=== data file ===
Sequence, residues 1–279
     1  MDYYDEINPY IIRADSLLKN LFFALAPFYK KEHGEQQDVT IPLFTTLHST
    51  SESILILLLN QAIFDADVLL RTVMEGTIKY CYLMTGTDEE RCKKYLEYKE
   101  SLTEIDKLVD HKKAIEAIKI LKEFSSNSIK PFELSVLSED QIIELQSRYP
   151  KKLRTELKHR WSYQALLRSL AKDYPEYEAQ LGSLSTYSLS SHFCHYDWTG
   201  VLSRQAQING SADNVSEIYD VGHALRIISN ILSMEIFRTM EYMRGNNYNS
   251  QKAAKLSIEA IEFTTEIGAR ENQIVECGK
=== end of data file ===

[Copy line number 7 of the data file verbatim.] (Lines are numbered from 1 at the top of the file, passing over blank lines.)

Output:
   251  QKAAKLSIEA IEFTTEIGAR ENQIVECGK